HOLDEN, Maine — The SAD 63 budget for next year is less than this year’s, but the amount residents in the district’s three towns will pay is still increasing, school board Chairwoman Therese Anderson said Tuesday.
“Our last budget and finance meeting to go over any changes is” 5:30 p.m. today, she said. “We’re still trying to find savings.”
The annual budget hearing begins at 7 p.m. at Holbrook Middle School. The nearly $9 million budget for fiscal year 2010-11 must be approved by residents at tonight’s meeting and again at the budget referendum, scheduled for early June.
“If the budget is passed as it stands right now, there will be an increase in property taxes for all three towns” in the district, Anderson said.
SAD 63 comprises Holden, Eddington and Clifton.
“We’ve made cuts,” Anderson said, adding that those cuts have been offset by decreases in state funding, penalties for not consolidating, and settlement of a multicount lawsuit with fired Superintendent Louise Regan.
“When we started out the deficit was about $800,000,” Anderson said. “The state really nailed us this year. We’ve done a lot of refiguring and cutting and really working the budget.”
The state decreased the amount it will pay for education by around $145,000, the settlement with Regan is costing taxpayers a one-time payment of $125,000, and the estimated penalty for not consolidating is $178,000, she said.
“That’s a huge chunk,” Anderson said of the penalty. “That is a huge strain on the budget. That’s more than three teachers for us.”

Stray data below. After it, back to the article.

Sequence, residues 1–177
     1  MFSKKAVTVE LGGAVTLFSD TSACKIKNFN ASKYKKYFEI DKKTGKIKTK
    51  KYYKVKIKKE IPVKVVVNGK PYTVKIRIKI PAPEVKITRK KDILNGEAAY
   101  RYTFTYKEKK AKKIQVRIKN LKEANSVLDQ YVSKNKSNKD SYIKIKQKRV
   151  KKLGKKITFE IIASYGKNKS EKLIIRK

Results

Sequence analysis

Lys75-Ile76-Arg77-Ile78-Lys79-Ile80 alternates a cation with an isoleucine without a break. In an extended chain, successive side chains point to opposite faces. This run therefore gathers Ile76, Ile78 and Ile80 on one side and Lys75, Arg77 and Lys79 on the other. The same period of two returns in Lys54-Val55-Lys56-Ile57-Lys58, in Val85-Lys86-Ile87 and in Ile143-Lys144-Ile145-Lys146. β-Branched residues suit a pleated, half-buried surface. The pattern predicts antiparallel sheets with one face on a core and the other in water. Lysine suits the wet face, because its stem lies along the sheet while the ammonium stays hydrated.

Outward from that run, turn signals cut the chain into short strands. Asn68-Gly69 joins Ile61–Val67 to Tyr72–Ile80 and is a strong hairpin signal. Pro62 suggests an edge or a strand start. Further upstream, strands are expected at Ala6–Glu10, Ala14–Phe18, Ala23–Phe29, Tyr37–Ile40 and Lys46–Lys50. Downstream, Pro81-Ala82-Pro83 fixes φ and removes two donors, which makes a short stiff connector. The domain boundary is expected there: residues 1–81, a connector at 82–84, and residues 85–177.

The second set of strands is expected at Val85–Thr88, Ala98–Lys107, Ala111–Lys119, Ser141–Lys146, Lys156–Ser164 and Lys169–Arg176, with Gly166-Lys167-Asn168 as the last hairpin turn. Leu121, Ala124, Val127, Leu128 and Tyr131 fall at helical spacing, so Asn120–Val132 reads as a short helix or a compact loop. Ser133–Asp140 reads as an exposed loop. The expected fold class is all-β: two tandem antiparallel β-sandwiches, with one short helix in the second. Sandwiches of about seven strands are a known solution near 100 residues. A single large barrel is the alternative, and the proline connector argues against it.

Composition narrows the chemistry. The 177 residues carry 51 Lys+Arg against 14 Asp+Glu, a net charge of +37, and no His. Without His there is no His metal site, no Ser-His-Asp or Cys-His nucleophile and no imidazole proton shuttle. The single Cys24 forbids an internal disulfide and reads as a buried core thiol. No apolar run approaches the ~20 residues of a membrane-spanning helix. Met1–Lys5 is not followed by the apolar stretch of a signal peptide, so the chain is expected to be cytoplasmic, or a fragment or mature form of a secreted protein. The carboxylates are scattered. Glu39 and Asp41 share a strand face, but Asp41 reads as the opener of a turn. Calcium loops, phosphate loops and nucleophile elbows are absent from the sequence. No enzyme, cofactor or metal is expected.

The school department is “trying to appeal to the new commissioner [to drop the penalty],” she said. “We are doing our best … but we really have not had any success working with the potential partners.”
The school district was successful in getting the school consolidation penalty dropped last year.
The good news is that no teaching positions have been cut under the draft budget, though some education technicians positions will be eliminated, and all salaries have been frozen, she said.
There also are some proposed bus route changes, and school officials are considering adding a week of vacation at the end of December in order to save on heating and operation costs.
The cuts are “a lot of little things,” Anderson said. “There aren’t a lot of big things.”
This year’s fiscal year 2009-10 budget was $9,388,372, and residents in the three towns paid around $4,191,710. The proposed figures for the budget will be made final during tonight’s budget meeting and will be presented to residents at the budget hearing later that night, Anderson said.
“It’s hard for everybody right now,” she said. “This year is difficult, and next year, possibly, is going to be difficult as well.”